There are two bids at the weight, with two-time CAA champion Chris Brown leading the pack, followed by Hofstra’s P.J. Gillespie, who has made a successful move up two weights. Gillespie was only the sixth seed last year in conference and won it, then found his way into the Round of 12 at the NCAA Championships. He’s a real threat to Brown, who despite several wins over highly-ranked opponents in his career, has still yet to reach the podium at the NCAA’s. Too many close matches make Brown no shoe-in for the title, but ODU needs him to perform big in early rounds, as bonus points will be crucial for the team race. Three wrestlers behind the top two have the ability to disrupt the balance of the conference – Rider’s Rob Morrison, George Mason’s Frankie McLaughlin and Binghamton’s Matt Kaylor. The Morrison name has long been associated with Rider wrestling, as older brother T.J. and father Tim both wrestled for the Broncs. Yes, there’s more Morrisons coming to Lawrenceville, too. Morrison’s pinned McLaughlin, lost to Gillespie by a point and didn’t face Kaylor. Rider will likely want Morrison as the third seed, while Binghamton can try making a case for Kaylor, who lost to Gillespie in sudden victory. Kaylor and McLaughlin could be an intriguing 4-5 match, if that’s how they end up seeded.
The weight would be deeper if Hofstra’s Ryan Patrovich hadn’t found his season cut short due to injury. Returning champion Bagna Tovuujav of George Mason is one of the deadlier wrestlers. The native of Mongolia has an arsenal of unorthodox throws, but won’t be a surprise to as many folks as he was last season. Josh Patterson of Binghamton, an All-American last season at 184, moved down to 174 in February. After qualifying his first two years at the weight, the decision to move down came to help the Bearcats win a conference championship. Tovuujav edged Patterson 7-6 in the dual meet late in the year, forging a tie between GMU and Binghamton. The odd man out here could be Old Dominion’s Eric Decker, two-time NCAA qualifier. Decker’s 23-11 record might look like it’s enough to warrant an at-large, but his RPI didn’t meet the qualifier threshold. He’ll have to beat Patterson, another New York native, to get to the finals, and then possibly have a chance for a true second if Patterson beats Tovuujav. Rider’s Jim Resnick is the only other wrestler above .500 at the weight.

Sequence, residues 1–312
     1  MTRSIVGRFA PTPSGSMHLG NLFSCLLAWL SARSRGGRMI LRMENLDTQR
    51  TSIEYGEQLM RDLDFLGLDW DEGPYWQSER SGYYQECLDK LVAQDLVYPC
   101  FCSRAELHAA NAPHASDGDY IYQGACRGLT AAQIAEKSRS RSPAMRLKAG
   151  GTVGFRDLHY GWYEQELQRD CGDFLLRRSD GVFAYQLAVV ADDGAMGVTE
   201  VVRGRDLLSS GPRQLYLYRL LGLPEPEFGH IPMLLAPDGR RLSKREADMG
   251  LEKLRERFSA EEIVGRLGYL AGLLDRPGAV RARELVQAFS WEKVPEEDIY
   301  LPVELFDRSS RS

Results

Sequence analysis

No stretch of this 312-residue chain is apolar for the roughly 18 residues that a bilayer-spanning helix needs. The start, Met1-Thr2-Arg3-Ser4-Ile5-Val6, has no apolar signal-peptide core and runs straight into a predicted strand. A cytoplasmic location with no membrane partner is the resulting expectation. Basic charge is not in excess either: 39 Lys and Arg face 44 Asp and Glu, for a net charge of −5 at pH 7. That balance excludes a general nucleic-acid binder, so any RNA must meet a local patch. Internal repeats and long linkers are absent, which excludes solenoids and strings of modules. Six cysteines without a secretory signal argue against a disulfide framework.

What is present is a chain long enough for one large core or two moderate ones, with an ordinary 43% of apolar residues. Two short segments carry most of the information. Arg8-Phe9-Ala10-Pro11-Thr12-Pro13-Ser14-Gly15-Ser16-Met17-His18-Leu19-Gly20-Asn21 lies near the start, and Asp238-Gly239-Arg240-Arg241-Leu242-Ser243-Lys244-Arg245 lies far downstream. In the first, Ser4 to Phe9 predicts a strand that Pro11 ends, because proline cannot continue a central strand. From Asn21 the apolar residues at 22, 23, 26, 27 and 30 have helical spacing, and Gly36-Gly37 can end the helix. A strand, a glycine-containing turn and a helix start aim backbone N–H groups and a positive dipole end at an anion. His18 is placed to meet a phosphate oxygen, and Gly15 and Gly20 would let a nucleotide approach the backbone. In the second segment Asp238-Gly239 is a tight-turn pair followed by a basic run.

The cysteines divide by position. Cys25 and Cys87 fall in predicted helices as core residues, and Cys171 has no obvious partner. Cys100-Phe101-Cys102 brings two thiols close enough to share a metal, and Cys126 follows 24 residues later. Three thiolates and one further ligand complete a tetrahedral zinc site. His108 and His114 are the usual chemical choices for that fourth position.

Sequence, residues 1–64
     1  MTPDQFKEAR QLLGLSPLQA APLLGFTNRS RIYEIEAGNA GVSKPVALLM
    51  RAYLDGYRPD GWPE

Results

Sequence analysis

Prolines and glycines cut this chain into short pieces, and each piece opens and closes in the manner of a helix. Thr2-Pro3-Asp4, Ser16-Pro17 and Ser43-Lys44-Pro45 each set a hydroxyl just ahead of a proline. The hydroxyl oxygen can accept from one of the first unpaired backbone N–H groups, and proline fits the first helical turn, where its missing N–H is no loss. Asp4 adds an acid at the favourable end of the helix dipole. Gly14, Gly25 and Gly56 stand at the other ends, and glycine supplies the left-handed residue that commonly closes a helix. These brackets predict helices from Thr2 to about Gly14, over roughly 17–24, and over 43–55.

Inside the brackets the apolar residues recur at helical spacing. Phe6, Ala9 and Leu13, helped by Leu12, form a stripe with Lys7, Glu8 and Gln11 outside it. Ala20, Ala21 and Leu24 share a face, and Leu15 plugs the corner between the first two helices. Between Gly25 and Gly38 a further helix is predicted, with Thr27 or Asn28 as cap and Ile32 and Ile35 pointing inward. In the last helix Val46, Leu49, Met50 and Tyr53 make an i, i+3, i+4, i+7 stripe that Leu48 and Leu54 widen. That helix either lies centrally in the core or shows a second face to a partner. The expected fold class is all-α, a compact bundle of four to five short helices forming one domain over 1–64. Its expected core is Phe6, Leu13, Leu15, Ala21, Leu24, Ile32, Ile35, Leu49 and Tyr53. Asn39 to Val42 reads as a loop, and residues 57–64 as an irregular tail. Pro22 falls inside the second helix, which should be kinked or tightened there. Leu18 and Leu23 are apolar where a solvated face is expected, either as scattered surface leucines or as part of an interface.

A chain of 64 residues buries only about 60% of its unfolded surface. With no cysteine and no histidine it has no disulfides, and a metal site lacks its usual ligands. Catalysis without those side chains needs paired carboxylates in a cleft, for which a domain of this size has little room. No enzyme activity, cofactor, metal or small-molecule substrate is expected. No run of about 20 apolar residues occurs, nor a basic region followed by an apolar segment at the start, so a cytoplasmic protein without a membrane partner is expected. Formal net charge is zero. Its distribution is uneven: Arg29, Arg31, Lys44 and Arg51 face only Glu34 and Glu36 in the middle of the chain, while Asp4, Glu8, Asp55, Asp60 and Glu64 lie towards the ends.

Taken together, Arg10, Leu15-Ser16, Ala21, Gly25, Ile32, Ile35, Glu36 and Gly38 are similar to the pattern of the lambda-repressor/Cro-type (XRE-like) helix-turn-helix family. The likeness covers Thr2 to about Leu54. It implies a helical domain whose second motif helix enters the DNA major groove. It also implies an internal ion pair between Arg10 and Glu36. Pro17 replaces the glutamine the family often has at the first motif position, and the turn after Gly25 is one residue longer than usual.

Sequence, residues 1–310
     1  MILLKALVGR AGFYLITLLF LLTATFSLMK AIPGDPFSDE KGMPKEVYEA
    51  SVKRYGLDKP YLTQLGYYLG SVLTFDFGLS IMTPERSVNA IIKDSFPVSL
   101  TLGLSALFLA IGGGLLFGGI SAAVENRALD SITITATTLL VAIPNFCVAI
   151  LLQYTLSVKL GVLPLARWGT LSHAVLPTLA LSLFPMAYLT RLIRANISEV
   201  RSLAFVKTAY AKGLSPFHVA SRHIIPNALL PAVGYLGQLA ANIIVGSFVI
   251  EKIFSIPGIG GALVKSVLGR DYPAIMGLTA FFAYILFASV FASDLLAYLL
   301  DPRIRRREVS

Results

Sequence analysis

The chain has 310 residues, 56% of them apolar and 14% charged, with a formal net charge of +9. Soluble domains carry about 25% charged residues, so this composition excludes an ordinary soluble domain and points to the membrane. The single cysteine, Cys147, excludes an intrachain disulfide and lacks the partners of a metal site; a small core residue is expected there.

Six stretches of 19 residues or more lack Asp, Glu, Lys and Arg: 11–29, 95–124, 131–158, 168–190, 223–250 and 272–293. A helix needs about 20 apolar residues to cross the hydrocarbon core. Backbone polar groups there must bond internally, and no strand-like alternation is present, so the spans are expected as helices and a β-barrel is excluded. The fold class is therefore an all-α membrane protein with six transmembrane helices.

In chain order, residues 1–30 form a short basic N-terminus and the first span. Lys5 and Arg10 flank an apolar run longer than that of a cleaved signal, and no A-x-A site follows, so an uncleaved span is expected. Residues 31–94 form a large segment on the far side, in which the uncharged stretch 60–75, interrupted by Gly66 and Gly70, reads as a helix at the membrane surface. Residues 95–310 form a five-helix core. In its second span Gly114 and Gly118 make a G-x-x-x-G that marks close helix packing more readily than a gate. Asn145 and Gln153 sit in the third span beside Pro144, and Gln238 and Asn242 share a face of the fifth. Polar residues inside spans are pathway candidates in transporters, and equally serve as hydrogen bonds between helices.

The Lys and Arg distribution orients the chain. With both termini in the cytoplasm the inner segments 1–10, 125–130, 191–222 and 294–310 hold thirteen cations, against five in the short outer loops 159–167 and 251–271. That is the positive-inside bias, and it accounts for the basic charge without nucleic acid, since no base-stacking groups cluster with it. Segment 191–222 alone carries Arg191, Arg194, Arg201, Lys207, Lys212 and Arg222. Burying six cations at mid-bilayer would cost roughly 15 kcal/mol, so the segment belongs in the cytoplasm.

With Patterson moving down to 174 pounds, it opened the door for Nate Schiedel of Binghamton to also come down a weight. Schiedel might end up garnering the top seed in the conference by virtue of his February fall over Hofstra’s Ben Clymer. Joe Budi of ODU is the likely third seed, but will need to beat Clymer (who he’s 0-fer against in college) for the Monarchs to get valuable finalist points. Only two qualify here, so chances might be good enough there’s a true second, but unless an upset occurs early, it’ll be another chance for Binghamton to get some championship points.
ODU’s Jesse Strawn and Rider’s Tyler Smith is all we’ve got, right? Wrong. With just 10 matches this season, Sacred Heart’s Rich Eichenlaub can really complicate things. Why? In his career, he’s pinned both Smith and Strawn. He pinned Smith in late February, but that’ll confuses things even more, because Eichenlaub is 5-0 in conference, while Smith and Strawn each have one loss. Smith beat Strawn in a January dual meet, but Eichenlaub and Strawn did not square off this season. The kicker here is, only the champion automatically qualifies, so expect all three coaching staffs to be arguing for the top seed. They don’t want to have to beat two tough guys to qualify, rather just the one – whoever is in the 2-3 semi will have one more tough match just to go. Both Smith and Strawn might be safe bets for an at-large, but why risk it?
Two-time conference champion Eddie Bordas of Rider is the class of the field. With only one qualifying at the weight, the depth here is more hopeful for an at-large berth, or better yet, an upset win in the finals. The top opposition Bordas will face will be either Drexel’s Kyle Frey or Binghamton’s Corey Waite. Frey’s won 27 matches this season, Waite’s won 33. Frey beat Waite 5-3 back in January. Hofstra’s Paul Snyder is a probably fourth-seed who’s wrestled close matches with, well, pretty much everyone in and around the conference
THIS ARTICLE WAS ORIGINALLY WRITTEN BY JASON BRYANT/USA WRESTLING ON 3/4/2010..Permission was granted by the writer to reprint…LHW thanks USA Wrestling !